Moving RHEL6.2 HDD from one machine to another.

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Hi All.


I am in an environment where I need to set up one master RHEL hdd on a workstation, and clone the hdd to use on multiple other workstations. (we are arranging the licenses to cover all active workstations).  There appears to be an issue that the hdd will only work in the workstation that it was built in.  If I attempt to plug it into another machine, it is not recognised as a valid boot device.  We have verified that BIOS settings are exactly the same.  The difference is that the original workstation recognises the drive as "Redhat Enterprise Linux", and the other workstations don't (however if I boot up Clonezilla I can verifiy that the HDD is physically there).


Can anyone advise one way or another?


Thanks in advance.


Hi Owen,



What is the hardware configuration you are using?


Like the workstation brand and do you use a raid controller in your workstations. I guess so for you wish to use hardware cloning it seems.

You may even be in luck that the disk controller did not see your disk, for some controller sync it's own disk to the installed disk. So it whipes the installed disk.

Happened to us a couple of times in the past.


The way I use to clone Linux servers, should work on workstations too:


1) create a ftp server or use an existing one with about the same free space as the disk you want to clone.


2) download g4l (ghost for linux) or another Linux aware ghost imaging software, and burn the image to disk.


3) a) boot the source workstation

    b) create a ghost image of the bootdisk.


4) a) boot the destination workstation

    b) deploy the ghost image.


5) boot the destination workstation to single user mode and change the network settings and hostname if needed.


6) reboot and test.


7) repeat 4) - 6) until all workstation are done.



Kind regards,



ir Jan Gerrit Kootstra

Hi Jan.


Thanks for the reply.  We are using newly procured workstations based on DFI SB630 motherboard.  The SATA mode is AHCI, rather than RAID.  We are using jsut single disk drives for our system.


Yes, we will be cloning the drives so as to use the same master image in up to 20 physicaly workstations.


We're heading down the track of it being an issue with EFI in the BIOS.  Our BIOS doesn't allow us to chose a legacy boot device, so we're doing a new installation on a PC that doesn't have EFI support, and hoping to port that across to the new PC.


Will update with progress soon.




What are you using to clone?  I found an article regarding Ghost which references issues specific to GPT.  I will continue to look into this and please update the group if you come across what is causing the issue.  I am unsure if you are chasing down a BIOS/UEFI issue, or a GPT issue.  (I know my IBM x-series server creates a boot menu item for "Red Hat Enterprise Linux" - but I don't know if something creates that in the UEFI, or if the UEFI dynamically scans and finds that entry.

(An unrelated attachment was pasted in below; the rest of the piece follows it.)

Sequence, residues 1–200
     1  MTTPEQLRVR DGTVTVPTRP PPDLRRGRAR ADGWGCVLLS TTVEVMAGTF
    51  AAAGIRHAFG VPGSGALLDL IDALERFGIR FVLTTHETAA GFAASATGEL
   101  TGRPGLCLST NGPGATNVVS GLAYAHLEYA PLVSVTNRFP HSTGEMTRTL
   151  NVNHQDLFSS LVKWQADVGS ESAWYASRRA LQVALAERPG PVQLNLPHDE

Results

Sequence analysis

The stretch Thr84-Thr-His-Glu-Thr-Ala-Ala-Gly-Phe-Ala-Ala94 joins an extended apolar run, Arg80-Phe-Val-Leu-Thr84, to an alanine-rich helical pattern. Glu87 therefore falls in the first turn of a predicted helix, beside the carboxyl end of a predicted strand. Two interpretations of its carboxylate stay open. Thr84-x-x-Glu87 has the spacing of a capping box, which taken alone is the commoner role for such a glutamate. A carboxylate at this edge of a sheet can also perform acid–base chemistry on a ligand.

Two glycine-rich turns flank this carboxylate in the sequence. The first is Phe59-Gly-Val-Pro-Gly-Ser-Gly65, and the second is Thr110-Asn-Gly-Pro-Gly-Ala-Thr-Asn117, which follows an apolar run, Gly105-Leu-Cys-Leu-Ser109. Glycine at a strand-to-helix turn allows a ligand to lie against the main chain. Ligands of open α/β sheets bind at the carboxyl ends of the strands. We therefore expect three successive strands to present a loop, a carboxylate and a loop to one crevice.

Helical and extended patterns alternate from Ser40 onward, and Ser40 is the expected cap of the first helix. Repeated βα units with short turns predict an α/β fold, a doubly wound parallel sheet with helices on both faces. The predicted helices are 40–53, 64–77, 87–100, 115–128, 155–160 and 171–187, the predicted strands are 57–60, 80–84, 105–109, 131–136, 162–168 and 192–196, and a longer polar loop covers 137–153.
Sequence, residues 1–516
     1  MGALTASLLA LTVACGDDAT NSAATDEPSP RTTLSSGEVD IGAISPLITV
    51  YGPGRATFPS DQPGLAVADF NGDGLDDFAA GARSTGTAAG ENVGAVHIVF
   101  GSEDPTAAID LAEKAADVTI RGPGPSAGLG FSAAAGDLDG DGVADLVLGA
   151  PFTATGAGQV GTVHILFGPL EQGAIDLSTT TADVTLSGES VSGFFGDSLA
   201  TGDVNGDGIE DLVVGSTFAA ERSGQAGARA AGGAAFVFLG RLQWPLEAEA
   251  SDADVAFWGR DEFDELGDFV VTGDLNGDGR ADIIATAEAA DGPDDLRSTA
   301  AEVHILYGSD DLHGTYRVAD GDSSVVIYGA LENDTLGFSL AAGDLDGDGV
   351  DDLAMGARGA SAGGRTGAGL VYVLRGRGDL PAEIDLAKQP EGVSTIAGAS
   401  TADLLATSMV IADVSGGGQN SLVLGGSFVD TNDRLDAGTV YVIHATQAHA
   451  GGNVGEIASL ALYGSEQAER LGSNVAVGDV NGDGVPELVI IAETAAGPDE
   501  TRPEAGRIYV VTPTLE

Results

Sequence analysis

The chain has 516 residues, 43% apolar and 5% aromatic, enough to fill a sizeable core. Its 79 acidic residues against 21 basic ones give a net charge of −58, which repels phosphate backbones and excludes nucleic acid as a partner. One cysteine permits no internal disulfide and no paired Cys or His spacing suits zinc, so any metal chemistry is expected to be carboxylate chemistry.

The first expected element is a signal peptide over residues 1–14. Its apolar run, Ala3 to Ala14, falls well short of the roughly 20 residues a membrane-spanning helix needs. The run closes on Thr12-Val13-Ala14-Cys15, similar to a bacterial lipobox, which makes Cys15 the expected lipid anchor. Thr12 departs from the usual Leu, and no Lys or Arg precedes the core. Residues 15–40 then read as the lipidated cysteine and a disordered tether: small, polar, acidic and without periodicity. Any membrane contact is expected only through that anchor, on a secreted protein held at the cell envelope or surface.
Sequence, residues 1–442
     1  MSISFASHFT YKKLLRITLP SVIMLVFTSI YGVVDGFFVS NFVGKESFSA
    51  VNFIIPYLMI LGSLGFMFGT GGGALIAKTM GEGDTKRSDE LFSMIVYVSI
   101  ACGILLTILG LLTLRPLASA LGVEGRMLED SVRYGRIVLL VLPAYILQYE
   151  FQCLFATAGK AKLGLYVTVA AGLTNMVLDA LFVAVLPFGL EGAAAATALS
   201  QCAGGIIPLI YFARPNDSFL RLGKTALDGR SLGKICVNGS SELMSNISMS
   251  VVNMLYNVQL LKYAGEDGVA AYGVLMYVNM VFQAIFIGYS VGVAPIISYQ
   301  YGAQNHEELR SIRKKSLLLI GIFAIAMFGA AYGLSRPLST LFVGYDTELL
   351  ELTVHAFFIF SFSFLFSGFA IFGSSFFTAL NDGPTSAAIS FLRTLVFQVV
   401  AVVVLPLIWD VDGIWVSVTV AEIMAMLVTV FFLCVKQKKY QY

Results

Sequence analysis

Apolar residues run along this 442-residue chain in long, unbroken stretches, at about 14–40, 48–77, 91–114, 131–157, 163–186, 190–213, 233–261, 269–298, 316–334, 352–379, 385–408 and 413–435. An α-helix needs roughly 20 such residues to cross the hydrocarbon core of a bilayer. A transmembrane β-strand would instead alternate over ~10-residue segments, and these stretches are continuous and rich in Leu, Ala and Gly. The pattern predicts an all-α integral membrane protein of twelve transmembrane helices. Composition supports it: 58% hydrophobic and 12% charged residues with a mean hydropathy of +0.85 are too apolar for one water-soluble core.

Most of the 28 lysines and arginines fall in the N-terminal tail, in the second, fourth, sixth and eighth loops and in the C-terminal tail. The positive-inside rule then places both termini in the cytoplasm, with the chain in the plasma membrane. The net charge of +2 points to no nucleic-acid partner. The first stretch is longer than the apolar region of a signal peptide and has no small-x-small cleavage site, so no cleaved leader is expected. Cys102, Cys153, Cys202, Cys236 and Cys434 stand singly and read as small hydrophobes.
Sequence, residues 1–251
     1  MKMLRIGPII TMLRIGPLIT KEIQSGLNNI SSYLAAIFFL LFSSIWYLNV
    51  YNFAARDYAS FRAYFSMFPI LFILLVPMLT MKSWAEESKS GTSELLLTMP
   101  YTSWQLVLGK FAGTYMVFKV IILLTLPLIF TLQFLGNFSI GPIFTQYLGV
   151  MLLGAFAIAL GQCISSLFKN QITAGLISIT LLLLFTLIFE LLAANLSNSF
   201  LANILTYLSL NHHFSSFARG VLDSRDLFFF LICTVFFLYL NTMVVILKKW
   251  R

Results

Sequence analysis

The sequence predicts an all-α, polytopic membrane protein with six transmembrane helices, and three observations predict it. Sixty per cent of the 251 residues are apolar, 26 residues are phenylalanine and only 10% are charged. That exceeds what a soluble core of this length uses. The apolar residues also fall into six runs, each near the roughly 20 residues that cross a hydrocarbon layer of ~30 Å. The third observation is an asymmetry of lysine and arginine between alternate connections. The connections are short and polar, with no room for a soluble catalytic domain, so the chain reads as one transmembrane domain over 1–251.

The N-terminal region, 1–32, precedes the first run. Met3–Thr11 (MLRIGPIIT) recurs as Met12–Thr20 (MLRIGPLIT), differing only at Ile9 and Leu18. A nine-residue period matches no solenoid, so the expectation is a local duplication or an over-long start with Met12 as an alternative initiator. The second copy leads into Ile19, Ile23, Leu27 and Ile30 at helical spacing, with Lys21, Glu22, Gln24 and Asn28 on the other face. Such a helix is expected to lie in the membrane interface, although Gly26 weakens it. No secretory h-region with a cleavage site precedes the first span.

Are you cloning the /boot/EFI partition (which I believe is fat32) along with the other partitions?


I believe a fairly standard GPT layout would be

/boot/EFI -- fat32

/boot  -- ext[34]

<remainder> LVM


Here is an interesting article about the EFI files that are created:

Here is an article regarding having issues with the boot flag:


Here is an article specific to Ghost:


DISCLAIMER:  I know very little about the nuances of GPT and UEFI - I just found this post interesting.

I am curious to know if you have successfully completed this, please keep update us.

Hi all.


Well given the impending deadline on this project, we have found a work-around.


The issues were definitely related to EFI.  We had RHEL installed on one machine with an EFI compatible BIOS.  We even went in to the efibootmgr application and added a couple of test entries.  The BIOS picked up these test entries, so James it appears that a dynamic scan is what is happening.  Now when we put this HDD into another workstation (not even cloning it to another HDD yet) this dynamic scan is not even happening.  I'm not seeing "Red Hat Enterprise Linux" or the 2 Test entries that I created.


We couldn't find a legacy BIOS option to disable EFI, nor could we find a way to stop RHEL wanting to install the EFI method... so we simply installed RHEL6 on a machine that was not EFI compatible.  Now it has the standard boot method, and we can interchange between different machines.


I'm sorry I don't have the time to delve much further into this.


Thanks for the info and ready responses though, I really appreciate it.


Also, James, when we do clone we use Clonezilla.  It seems to be the most robust software that I could find, though I am open to other suggestions.




Thanks for the follow-up, Owen.